Mouse Lewis lung cancer (LLC) cells were obtained from Professor Li Yan of the Academy of Military Medical Sciences. MEF cells (immortalized MEF cells) were a gift from Prof. Lin Xin of Tsinghua University. The NIH 3T3 cell line was obtained from ATCC (Manassas, VA, USA) and cultured with Dulbecco's modified eagle medium (DMEM) containing 10% fetal bovine serum (FBS, ST30-3302, PAN-Biotech GmbH). The LLCs were transfected with a lentivirus green fluorescence protein (GFP) according to previously described method [28]. Mouse primary lung CAFs and normal fibroblasts (NFs) were isolated from the mouse lung cancer model (TetO-EGFRL858R;CCSP-rtTA) as previously described [8]. The cultured CAFs and matched NFs were used after five passages following primary culture. After 72 h of incubation, the conditioned medium of the LLC cells (CM) was collected and centrifuged at 16,000 g for 5 min to remove cell debris. The cells were cultured at 37 °C, 5% CO2, and 20% O2, except for those with special instructions. The hypoxic condition was 37 °C, 1% O2, 5% CO2, and 94% N2.

H&E staining and Masson staining

The tissue sections were deparaffined and rehydrated as described previously [29]. After routine processing, lung tissue sections (6 µm thick) were stained with H&E for histological analysis and Masson staining for collagen deposition analysis.

Oil Red O Staining

Frozen sections from mice subcutaneous tumors and the slides with cells were fixed in 4% formalin for 20 min, then washed with 60% propylene glycerol. The sections were stained with 0.5% Oil Red O (Sigma, St. Louis, Missouri, USA) in propylene glycerol for 10 min at 60 °C, and the cells were stained for 5 min at room temperature. Nuclei were counterstained with hematoxylin for bright-field microscopic examination. The red LDs were visualized by microscopy, and the fluorescence intensity was analyzed by using Image J.

Tissue and cell immunofluorescence

OCT-embedded samples were sectioned, and the frozen slides or cells were fixed with 4.0% paraformaldehyde and incubated for 15 min at room temperature. The sections were blocked with 5% bovine serum albumin in PBST (tween-20) and incubated with primary antibodies overnight at 4 °C. The primary antibodies used included goat anti-α-SMA (Abcam, Cat# Ab21027), rabbit anti-s100a4 (Abcam, Cat# Ab27957), rabbit anti-ADRP (Proteintech, Cat#15294-I-AP) and rabbit anti-Proliferating cell nuclear antigen (PCNA) (Proteintech, Cat#10205-I-AP). The slides were incubated with the immunofluorescent secondary antibody for 0.5 h at room temperature in the dark. A tissue microarray (HLugA180Su07) was purchased from Shanghai Outdo Biotech Company. For the tissue microarray, it was de-waxed and heat-induced for antigen retrieval. The tissue microarray was incubated with anti-α-SMA (CST, Cat# 56856S), anti-HIF-1α (Abcam, Cat# ab179483) and anti-SCD1 (CST, Cat# 2794S); the PPD-540 and PPD-620 digital image system (PANOVUE, China) were used for visualization. The nuclei were stained using Fluoro-Gel II 20 with DAPI (Electron Microscopy Sciences, USA), and the slides were examined by fluorescence microscopy.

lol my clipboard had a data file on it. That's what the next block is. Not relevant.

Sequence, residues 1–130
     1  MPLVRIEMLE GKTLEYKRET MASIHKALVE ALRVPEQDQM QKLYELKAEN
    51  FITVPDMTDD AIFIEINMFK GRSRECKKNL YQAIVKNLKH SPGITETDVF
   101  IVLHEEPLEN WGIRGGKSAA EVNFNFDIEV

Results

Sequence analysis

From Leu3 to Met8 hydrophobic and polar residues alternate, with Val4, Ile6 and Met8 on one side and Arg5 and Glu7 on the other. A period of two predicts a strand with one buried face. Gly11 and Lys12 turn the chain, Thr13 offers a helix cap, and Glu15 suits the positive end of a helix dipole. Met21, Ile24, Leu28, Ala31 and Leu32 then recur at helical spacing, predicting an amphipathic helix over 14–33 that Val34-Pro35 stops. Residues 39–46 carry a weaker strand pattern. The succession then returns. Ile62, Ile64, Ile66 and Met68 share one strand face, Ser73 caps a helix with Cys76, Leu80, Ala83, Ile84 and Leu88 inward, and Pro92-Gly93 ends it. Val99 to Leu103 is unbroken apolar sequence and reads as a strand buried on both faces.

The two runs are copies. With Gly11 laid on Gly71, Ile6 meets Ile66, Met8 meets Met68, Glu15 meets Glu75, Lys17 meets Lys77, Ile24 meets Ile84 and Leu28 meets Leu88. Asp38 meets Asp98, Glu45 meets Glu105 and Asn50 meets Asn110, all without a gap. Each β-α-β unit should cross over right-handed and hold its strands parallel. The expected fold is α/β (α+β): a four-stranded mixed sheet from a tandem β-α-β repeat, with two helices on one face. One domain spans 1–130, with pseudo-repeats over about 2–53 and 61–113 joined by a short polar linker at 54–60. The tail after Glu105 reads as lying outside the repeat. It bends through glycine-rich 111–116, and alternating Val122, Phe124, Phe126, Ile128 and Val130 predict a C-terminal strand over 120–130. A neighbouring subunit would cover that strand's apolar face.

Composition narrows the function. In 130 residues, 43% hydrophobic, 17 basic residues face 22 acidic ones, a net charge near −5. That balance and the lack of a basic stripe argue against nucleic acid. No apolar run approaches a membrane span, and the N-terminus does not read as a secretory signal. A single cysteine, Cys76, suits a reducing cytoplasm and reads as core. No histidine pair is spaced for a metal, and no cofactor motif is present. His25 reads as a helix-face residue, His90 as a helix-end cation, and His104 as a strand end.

Flow cytometry sorting

Single-cell suspensions prepared directly from lung cancer tissues and normal lung tissues were stained with PE-labelled anti-EpCAM (clone G8.8), APC-labelled anti-CD31 (clone MEC13.3), and Alexa Fluor 700-labelled anti-CD45 (clone I3/2.3). The dead cells were labelled with DAPI, and the LDs were labelled with BODIPY®493/503. All antibodies were purchased from Biolegend (California, USA). The cells were analyzed using FACSCanto II (BD Biosciences, San Diego, USA).

Materials and reagents

Cobalt chloride (Cocl2) and PF-06424439 (inhibitor of DGAT2) were obtained from Sigma-Aldrich. BODIPY®493/503, LipidTOX™ neutral lipid stain, and Lipofectamine 3000 were purchased from Invitrogen (California, USA). TGF-β1 was obtained from Pepro Tech (Rocky Hill, USA). The inhibitors A939572 (inhibitor of SCD1), A922500 (inhibitor of DGAT1), and JZL-184 (inhibitor of MAGL) were obtained from MedChemExpress (New Jersey, USA).

BODIPY®493/503 Staining